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2014-15 Colloquium Committee:
Joel Carbonell (Chair)
Mary Gallagaher
Paula Sato
Deepraj Mukherjee


Faculty Colloquium

2013-2014 Faculty Colloquium

Friday, March 7 at 5 p.m.

Library Conference Room
Refreshments provided, but feel free to bring additional snacks and beverages.

Kim Finer
Genetically Modified Organisms and Food: Faction, Fiction, Myths and Musings

The mention of genetically modified foods or organisms (GMOs) often provokes fear or anger in consumers. Unfortunately, the public perception of this area of science frequently comes from misinformation and erroneous reports in the public domain. In this colloquium, I will present some basic science regarding production of GMOs as well as information about currently approved crops. I will also address and hopefully debunk some often-repeated myths associated with the topic.

Mitch McKenney
What the Media Won't Tell You, and Why

News stories about hot-button issues — including stories in Kim Finer's GMO presentation — raise classic issues of gatekeeping, agenda-setting, bias and blind spots. Complicated stories take more skill and time, always have, so they're more likely to go unreported in this era of shrinking news outlets. In this talk, I'll give a state-of-the-craft report that explores professional practice, the news/editorial firewall, how media narratives get established and how social media fit in.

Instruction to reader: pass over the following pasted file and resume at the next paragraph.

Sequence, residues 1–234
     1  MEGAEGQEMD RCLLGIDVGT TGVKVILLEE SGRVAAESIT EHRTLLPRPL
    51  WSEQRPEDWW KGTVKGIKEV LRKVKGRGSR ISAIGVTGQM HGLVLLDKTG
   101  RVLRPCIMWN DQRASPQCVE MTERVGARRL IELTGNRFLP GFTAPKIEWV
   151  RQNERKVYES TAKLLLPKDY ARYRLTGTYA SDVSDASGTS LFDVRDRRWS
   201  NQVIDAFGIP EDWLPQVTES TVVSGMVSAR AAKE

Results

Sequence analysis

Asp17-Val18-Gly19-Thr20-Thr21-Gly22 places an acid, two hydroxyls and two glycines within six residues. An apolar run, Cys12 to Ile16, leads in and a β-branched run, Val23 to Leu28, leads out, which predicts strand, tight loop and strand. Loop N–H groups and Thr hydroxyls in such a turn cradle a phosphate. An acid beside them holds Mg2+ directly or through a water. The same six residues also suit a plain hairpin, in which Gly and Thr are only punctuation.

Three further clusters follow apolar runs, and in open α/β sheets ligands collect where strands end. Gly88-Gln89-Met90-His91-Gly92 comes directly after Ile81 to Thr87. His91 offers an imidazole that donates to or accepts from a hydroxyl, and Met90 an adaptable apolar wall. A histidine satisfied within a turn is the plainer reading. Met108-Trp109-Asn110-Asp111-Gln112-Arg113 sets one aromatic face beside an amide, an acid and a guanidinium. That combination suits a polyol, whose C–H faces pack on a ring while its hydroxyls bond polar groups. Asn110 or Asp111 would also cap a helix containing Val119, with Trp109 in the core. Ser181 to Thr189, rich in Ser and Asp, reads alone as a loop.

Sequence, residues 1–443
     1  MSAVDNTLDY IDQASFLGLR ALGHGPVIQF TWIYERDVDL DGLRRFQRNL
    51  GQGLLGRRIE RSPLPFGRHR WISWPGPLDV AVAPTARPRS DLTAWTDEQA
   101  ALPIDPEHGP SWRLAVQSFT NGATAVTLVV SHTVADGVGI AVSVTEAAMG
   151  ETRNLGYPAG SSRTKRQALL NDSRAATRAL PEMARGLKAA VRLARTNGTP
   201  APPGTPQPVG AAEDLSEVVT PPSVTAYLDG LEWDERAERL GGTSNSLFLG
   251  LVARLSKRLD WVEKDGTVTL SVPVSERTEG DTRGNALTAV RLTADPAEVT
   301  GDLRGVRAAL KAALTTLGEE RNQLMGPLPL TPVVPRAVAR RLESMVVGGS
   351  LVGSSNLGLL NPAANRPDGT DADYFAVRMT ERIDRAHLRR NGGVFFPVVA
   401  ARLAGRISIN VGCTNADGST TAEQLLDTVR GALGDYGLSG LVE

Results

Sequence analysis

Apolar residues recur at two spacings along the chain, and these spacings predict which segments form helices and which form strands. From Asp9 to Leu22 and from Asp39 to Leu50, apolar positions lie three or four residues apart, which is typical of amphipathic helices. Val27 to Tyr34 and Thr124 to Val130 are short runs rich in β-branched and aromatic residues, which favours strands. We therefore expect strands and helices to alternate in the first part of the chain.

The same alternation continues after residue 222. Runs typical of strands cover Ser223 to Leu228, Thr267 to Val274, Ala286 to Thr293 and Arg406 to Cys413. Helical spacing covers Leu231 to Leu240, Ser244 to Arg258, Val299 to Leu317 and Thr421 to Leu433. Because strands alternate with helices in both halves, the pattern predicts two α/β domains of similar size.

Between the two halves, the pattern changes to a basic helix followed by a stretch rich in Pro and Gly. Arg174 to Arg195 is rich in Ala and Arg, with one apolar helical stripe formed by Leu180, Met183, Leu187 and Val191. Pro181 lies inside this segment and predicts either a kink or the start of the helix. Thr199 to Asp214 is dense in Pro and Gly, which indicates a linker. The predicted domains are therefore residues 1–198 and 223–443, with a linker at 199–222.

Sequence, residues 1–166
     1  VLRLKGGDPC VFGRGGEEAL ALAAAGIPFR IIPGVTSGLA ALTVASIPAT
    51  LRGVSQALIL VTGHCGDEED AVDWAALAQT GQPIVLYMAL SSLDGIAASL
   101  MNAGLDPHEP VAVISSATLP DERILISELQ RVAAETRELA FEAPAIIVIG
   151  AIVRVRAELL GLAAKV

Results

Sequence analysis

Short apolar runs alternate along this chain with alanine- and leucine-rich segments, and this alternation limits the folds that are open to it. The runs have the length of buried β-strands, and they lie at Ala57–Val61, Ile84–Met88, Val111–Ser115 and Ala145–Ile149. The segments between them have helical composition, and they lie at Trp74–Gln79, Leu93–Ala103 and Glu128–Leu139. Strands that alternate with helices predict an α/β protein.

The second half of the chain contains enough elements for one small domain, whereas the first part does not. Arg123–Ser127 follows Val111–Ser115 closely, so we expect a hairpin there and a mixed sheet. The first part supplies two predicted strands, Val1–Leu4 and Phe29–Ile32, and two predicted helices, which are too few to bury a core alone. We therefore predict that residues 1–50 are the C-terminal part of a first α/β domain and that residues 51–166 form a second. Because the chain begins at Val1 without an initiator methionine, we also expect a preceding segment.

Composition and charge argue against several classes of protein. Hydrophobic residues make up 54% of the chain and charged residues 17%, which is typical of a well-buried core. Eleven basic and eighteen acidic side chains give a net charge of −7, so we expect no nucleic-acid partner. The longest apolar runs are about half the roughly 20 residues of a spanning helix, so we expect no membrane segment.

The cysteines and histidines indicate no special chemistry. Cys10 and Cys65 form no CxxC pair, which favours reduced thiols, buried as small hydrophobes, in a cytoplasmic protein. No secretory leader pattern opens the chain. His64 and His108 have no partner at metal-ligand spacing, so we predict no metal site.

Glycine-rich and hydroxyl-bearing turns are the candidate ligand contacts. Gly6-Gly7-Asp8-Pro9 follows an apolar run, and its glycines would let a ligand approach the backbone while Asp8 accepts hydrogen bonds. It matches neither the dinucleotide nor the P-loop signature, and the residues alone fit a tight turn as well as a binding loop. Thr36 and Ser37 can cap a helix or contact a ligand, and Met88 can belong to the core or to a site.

Friday, Nov. 15, 2013 at 5 p.m.
Library Conference Room
Refreshments provided, but feel free to bring additional snacks and beverages.

Katrina Bloch
Construction of a National Identity as White and the Immigrant "Other"

Katrina Bloch examines how Anti-Immigrant groups construct a national identity in relation to an immigrant “other,” as evidenced in websites and online discussions. Her work analyzes the rhetorical strategies employed by anti-immigrant social movement actors to justi-fy their support for immigrant restrictionist social policies, pulling from and reinforcing rac-ist and sexist ideology in the United States.

Christopher Post
Having it Both Ways? Heritage and Amenity in the Developing American West

Christopher Post investigates how in-migrant populations and visitors appropriate relic cultural landscapes of the rural American West. His work examines how these popula-tions develop a rural Colorado valley’s cemetery and one-room schoolhouse as cultural amenities, while long-established ranchers defend these landscapes of their own heritage against such co-optation.